Key People For Allergic Conjunctivitis
A new murine model of allergic conjunctivitis and effectiveness of nedocromil sodium
BACKGROUND: Allergic conjunctivitis is the most common atopic disease affecting the eye. To study the pathophysiology and effectiveness of antiallergic drugs, it is necessary to develop animal models that closely mimic human allergic conjunctivitis.
OBJECTIVE: The study was performed to develop an experimental murine model of ocular allergic conjunctivitis to an airborne allergen.
METHODS: SWR/J mice were divided into the following groups: group 1, untreated, experimental; group 2, phosphate-buffered saline-treated; group 3, nedocromil sodium-treated; and group 4, unmanipulated controls. Groups 1, 2, and 3 were exposed to ragweed by topical contact with the nasal and conjunctival mucosae. Allergic conjunctivitis was evaluated by scoring of clinical signs, serum IgE levels, and histologic findings.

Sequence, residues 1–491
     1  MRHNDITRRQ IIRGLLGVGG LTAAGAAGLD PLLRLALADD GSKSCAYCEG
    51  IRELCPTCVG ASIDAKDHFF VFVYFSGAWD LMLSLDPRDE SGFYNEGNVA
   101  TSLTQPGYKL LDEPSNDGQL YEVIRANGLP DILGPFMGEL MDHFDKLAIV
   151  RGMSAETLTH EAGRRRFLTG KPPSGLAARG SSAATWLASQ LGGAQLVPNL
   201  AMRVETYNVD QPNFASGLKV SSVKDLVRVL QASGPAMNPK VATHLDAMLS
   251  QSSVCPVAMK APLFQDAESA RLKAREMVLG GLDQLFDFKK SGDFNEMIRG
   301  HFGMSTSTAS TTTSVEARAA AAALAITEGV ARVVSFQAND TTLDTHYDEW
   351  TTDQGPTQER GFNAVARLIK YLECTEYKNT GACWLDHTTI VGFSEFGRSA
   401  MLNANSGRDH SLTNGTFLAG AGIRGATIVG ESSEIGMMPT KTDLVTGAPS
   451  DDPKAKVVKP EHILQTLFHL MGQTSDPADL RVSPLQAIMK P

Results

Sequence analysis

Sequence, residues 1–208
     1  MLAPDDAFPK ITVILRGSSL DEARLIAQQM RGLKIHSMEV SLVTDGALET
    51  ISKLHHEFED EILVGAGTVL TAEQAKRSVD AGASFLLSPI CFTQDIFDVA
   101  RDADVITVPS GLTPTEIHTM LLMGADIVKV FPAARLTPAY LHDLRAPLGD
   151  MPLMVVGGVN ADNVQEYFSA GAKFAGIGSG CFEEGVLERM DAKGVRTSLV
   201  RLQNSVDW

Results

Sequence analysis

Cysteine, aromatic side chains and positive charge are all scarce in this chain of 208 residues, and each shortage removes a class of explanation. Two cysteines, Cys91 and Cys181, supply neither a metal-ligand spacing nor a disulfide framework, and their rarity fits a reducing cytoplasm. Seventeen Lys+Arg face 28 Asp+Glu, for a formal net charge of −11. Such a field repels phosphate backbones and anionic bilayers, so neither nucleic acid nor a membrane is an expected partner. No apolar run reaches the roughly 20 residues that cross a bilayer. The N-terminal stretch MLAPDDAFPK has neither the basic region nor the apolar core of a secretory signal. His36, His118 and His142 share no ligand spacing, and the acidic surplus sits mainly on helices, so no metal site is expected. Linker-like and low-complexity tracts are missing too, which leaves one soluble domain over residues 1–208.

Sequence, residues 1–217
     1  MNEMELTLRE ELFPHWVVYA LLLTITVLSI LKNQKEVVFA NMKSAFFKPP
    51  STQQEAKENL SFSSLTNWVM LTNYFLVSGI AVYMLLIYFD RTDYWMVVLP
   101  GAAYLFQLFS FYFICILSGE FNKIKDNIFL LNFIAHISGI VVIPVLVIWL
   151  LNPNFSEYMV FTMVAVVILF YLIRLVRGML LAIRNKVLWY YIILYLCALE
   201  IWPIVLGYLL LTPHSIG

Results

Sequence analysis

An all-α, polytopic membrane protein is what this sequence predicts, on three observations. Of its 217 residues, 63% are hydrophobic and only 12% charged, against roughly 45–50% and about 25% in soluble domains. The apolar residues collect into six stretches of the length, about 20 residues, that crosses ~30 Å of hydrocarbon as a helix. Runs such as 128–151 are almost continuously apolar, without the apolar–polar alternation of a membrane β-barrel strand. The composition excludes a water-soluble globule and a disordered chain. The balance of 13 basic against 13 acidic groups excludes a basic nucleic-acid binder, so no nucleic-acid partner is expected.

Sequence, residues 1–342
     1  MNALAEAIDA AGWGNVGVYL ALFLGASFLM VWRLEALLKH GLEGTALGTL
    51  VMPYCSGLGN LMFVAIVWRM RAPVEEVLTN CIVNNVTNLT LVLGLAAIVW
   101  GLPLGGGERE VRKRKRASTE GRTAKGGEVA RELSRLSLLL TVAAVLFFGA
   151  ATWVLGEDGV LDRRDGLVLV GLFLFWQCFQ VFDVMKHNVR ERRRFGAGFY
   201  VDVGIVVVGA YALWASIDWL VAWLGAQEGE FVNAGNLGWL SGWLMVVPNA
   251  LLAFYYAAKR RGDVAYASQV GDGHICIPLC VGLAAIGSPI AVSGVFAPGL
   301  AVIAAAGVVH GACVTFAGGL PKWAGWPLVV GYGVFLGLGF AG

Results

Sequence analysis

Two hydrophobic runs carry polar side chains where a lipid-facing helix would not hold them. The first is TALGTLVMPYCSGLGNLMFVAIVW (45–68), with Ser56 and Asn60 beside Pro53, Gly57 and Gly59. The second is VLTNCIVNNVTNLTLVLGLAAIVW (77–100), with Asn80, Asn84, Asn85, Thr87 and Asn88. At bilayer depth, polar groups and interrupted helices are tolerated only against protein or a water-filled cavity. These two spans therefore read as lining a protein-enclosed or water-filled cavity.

RESULTS: Mice exposed to ragweed had clinicopathologic signs of allergic conjunctivitis and specific anti-ragweed IgE. Allergic conjunctivitis was modulated by nedocromil sodium. Treated mice had fewer clinical signs of allergy, lower levels of ragweed-specific IgE, reduction of conjunctival eosinophil infiltration, decrease in the number of intact and degranulating mast cells, and reduction of cytokine release.
CONCLUSION: This is the first report of a murine model of allergic conjunctivitis to an airborne allergen that can be used to study the disease pathophysiology and its response to treatment.Sign-in to see all concepts, it's free!